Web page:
Even if the number of biomass feedstocks is low, you can get a huge variety of molecules if you can cleave the C–H bonds. If you can’t do C–H activation, biomass is very limited in terms of synthesis because you’ll always have the six C–H bonds from the dimethyl sticking there, and that prevents diversification. Even if you can make a million compounds, they’ll all look basically like isobutyric acid. So it’s very important that you actually break those C–H bonds and make them unrecognizable. Then you access true diversity.
Q: In your research, you often use palladium catalysts and volatile organic solvents. How necessary are these kinds of sustainability trade-offs or are you looking for alternative materials (i.e. could you reduce critical material use or solvent-less or aqueous reactions)?
A: There are many layers to that question. As you can imagine, it’s very complicated. Let’s talk about E-factor; there are so many parameters that go into that equation. The first question you should ask when you think about palladium catalysis in C–H activation is how many steps are you really cutting out from the synthesis? Recently, we have a process route designed by Novartis cutting eleven steps to five steps. So what that means is that the big stuff – whatever solvents or even water or cheap catalyst you’re using – are now reduced to zero in those removed six steps. You’re not using any of it. That’s one big-picture thing that green chemists or any synthetic chemists are thinking about. Cutting steps is much harder than anything else. If you cut one step out, you will improve E-factor of the synthesis significantly. Indeed, C–H activation is focusing on that exact aspect. One of the biggest goals of using C-H activation in synthesis is probably cutting steps out.
The second perspective is that even if the palladium catalyst is not as environmentally friendly as something like iron, which is cheap and readily available, I would say there are ways out for palladium catalysis which have been demonstrated in industry already. First, the palladium catalyst loading is a key issue. We have to really, really reduce the catalyst loading. The second is that the ligand can be just as expensive as anything else, if not more. It’s very important that we develop very cheap, readily available ligands. One of our trademarks is the amino acid ligands. As you can imagine, it meets these criteria. So the ligand has to be considered when you’re designing a catalyst.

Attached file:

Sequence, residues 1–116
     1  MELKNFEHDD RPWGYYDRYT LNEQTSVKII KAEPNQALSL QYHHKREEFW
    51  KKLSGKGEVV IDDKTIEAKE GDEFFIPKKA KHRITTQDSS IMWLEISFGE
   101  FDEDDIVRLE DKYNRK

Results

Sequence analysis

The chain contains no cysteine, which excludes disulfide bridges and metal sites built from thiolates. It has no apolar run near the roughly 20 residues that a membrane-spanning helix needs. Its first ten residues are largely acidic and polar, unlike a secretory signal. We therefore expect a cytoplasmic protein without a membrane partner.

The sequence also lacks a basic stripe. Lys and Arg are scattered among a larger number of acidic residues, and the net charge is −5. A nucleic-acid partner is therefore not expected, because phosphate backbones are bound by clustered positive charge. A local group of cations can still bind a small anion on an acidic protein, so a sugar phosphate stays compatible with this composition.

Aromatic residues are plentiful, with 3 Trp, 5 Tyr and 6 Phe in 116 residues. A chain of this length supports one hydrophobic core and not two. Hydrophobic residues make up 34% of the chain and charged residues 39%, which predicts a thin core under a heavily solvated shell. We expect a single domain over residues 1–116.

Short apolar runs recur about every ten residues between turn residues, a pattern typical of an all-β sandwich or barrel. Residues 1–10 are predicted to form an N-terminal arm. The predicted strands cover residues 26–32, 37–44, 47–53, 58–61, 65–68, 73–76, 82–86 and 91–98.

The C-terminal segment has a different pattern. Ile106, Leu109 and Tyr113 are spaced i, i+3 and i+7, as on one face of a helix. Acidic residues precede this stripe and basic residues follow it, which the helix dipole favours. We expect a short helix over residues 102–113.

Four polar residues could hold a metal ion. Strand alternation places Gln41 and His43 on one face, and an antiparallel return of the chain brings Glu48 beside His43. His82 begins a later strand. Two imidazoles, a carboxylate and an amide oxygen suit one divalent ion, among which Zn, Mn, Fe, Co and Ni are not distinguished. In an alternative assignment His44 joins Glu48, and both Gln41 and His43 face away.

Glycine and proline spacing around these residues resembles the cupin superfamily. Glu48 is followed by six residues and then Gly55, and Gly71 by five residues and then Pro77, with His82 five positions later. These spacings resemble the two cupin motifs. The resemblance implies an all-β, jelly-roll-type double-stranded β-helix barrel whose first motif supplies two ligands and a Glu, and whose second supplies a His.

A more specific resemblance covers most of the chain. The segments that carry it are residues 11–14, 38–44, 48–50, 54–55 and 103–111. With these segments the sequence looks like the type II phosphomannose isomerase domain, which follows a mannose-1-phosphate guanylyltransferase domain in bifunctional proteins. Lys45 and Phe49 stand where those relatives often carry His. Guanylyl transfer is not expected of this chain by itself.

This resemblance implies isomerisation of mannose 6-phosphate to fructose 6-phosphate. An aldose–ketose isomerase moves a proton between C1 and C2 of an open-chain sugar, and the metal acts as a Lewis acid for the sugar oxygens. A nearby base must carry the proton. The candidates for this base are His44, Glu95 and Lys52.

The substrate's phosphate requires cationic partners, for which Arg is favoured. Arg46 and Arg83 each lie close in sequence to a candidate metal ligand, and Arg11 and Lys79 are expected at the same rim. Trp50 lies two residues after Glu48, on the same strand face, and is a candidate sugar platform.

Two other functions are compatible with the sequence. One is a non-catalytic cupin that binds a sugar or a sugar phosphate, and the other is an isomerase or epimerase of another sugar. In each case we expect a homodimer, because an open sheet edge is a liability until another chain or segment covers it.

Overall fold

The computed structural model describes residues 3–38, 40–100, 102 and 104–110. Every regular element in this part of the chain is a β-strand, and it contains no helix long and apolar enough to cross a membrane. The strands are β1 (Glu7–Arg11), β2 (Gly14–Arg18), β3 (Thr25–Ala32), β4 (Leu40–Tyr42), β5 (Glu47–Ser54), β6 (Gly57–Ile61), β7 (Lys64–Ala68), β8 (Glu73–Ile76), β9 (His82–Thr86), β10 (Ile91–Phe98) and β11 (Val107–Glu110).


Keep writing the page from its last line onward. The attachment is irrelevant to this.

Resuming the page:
Third, we’re trying to immobilize the catalysis. Recently we submitted a paper in collaboration with Chris Jones at Georgia Tech through an NSF center collaboration. We immobilized the C–H activation catalyst. This way, the palladium can be re-used.
The biggest problem for palladium catalysis in C–H activation is not necessarily what I just said. The biggest problem is that when you do C–H activation you have to use oxidants. That oxidant is the most problematic from a green perspective. Quite often, they are expensive and they are used in large amounts. We focus a lot on reducing the catalyst loading as well as really trying to develop new redox chemistry that doesn’t involve expensive oxidants. This is done either by designing new redox catalysis where the oxidant is just thrown out of the equation, and we’ve done that with palladium (II) catalysts, or by trying to use air as the oxidant. In my opinion, that’s the future of many of the reactions; either using air as the oxidant, or removing the oxidant entirely. We’re also trying to further develop palladium (0) catalysts.
I hope that’s not an overwhelming amount of information, but it’s a problem I’ve been thinking about for a few years and my students are working on many ideas to solve these problems.
Q: The palladium must at least be significantly more efficient than a stoichiometric reaction, which is something we talk about, switching from stoichiometric to catalytic. And I’ve read that sometimes nickel can work well for catalysis.
A: If you can use nickel, that’s great. But for the transformations we want to achieve, it will take some time. We also published something on copper – using copper to replace palladium in C-H activation - but in reality it’s a long way before anyone gets even close to doing with nickel or copper what palladium can do. We can work on mimicking palladium, and eventually maybe palladium can be replaced in certain cases. On the other hand, palladium is not necessarily the problem. It’s comes down to how can we do this better.